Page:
Okapi, a large, split-hooved mammal related to the giraffe. Okapis live in the forests of the upper basin of the Congo River in Africa, where they were discovered by Europeans in 1901. They stand up to five feet (1.5 m) tall at the shoulder, and have much shorter necks and legs than giraffes. The males have two blunt, five-inch (13-cm) horns covered with skin and hair, similar to those of giraffes. Males and females have large, broad ears. In size and structure, okapis resemble fossil predecessors of giraffes.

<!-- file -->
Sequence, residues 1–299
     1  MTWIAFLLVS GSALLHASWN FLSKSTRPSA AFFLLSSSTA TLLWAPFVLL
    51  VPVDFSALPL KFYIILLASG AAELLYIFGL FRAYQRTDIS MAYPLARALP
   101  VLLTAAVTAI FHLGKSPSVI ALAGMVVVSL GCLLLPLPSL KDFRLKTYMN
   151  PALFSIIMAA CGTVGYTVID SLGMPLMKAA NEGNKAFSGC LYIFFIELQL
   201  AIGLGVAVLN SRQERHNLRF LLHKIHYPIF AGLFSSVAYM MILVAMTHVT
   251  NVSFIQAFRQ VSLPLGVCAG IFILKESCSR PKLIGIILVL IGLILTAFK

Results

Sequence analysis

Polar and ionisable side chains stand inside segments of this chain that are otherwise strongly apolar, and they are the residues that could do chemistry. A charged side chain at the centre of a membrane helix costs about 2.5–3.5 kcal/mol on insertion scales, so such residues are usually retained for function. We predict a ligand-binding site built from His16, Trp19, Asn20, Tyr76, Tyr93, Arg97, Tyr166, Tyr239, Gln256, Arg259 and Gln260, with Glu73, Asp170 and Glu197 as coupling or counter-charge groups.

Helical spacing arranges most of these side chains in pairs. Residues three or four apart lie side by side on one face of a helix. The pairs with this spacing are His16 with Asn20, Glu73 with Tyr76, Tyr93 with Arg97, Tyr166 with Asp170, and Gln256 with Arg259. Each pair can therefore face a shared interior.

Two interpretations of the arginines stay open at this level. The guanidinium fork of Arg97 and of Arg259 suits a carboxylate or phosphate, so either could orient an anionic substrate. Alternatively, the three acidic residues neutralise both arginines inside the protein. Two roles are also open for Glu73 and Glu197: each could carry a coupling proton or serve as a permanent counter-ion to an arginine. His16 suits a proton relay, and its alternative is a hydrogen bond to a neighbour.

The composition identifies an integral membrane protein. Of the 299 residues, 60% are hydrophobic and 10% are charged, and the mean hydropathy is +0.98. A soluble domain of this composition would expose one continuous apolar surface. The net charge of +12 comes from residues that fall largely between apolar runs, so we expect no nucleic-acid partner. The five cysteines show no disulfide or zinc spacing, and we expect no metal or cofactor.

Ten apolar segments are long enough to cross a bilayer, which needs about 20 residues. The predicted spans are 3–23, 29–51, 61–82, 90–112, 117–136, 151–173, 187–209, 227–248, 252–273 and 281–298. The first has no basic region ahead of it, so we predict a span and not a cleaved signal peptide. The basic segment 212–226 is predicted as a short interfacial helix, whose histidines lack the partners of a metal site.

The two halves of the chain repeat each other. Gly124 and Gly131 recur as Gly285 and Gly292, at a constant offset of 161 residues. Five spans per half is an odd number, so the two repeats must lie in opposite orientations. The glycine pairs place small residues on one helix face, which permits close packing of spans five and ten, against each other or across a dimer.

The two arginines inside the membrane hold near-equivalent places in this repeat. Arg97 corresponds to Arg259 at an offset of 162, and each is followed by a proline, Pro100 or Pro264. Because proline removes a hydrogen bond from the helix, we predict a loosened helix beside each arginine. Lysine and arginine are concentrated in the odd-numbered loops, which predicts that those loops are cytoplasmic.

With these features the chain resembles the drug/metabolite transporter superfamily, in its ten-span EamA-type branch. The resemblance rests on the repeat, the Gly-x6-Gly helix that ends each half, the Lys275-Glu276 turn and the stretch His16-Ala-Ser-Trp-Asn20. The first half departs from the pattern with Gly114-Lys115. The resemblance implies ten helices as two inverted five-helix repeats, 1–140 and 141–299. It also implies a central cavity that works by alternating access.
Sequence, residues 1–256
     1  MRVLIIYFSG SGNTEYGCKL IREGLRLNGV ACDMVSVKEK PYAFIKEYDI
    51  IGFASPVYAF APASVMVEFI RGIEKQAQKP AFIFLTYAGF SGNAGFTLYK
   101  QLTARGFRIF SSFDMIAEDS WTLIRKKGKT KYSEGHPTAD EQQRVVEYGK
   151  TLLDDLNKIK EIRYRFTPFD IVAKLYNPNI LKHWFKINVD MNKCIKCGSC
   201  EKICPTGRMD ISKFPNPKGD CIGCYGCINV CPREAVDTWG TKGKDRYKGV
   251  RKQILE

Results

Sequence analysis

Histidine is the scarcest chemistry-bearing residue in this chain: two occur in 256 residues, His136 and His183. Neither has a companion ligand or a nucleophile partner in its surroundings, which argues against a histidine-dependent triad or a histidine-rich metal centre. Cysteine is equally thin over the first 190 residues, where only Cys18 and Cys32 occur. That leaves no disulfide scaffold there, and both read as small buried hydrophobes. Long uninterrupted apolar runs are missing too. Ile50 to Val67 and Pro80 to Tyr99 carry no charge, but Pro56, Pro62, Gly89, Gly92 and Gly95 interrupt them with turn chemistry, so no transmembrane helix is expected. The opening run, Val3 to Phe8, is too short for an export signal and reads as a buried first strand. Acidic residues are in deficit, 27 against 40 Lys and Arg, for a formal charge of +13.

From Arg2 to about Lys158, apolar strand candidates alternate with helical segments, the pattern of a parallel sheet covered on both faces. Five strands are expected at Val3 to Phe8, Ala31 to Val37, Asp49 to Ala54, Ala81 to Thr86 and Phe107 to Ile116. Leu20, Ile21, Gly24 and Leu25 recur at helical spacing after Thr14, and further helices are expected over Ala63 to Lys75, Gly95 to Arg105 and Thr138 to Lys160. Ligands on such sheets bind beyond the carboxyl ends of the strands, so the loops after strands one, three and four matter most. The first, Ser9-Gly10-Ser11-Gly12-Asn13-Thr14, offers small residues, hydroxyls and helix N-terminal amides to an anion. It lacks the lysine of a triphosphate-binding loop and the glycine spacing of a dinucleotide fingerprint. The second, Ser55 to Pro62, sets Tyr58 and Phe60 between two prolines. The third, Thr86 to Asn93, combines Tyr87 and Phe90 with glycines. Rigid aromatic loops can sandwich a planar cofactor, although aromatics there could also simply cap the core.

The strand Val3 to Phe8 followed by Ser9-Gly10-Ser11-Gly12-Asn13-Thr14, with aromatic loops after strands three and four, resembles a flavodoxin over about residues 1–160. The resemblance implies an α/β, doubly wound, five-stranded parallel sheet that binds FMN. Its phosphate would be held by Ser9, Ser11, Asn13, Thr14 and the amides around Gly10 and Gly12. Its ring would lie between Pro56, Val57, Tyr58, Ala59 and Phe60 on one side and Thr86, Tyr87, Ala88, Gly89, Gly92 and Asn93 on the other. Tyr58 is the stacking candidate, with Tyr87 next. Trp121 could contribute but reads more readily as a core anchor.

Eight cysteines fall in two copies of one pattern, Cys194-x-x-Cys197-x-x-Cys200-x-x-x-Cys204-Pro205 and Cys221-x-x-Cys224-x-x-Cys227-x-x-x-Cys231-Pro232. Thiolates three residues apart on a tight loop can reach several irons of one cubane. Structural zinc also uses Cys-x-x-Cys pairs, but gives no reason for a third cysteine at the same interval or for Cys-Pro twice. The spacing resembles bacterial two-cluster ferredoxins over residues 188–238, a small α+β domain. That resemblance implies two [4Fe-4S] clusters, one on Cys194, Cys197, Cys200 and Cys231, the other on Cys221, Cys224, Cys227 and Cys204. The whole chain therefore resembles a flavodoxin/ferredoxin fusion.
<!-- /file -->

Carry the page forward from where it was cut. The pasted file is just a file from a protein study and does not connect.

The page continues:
The coat of an okapi is purplish-brown on the back, black striped horizontally with white on the upper leg, and white on the lower leg. The okapi has a short tail ending in a tuft of black hair, and buff-colored markings on its head. Okapis are ruminants (cud chewers) and eat the leaves and twigs of forest trees. They live singly or in small family groups.
The okapi is Okapia johnstoni. It belongs to the giraffe family, Giraffidae.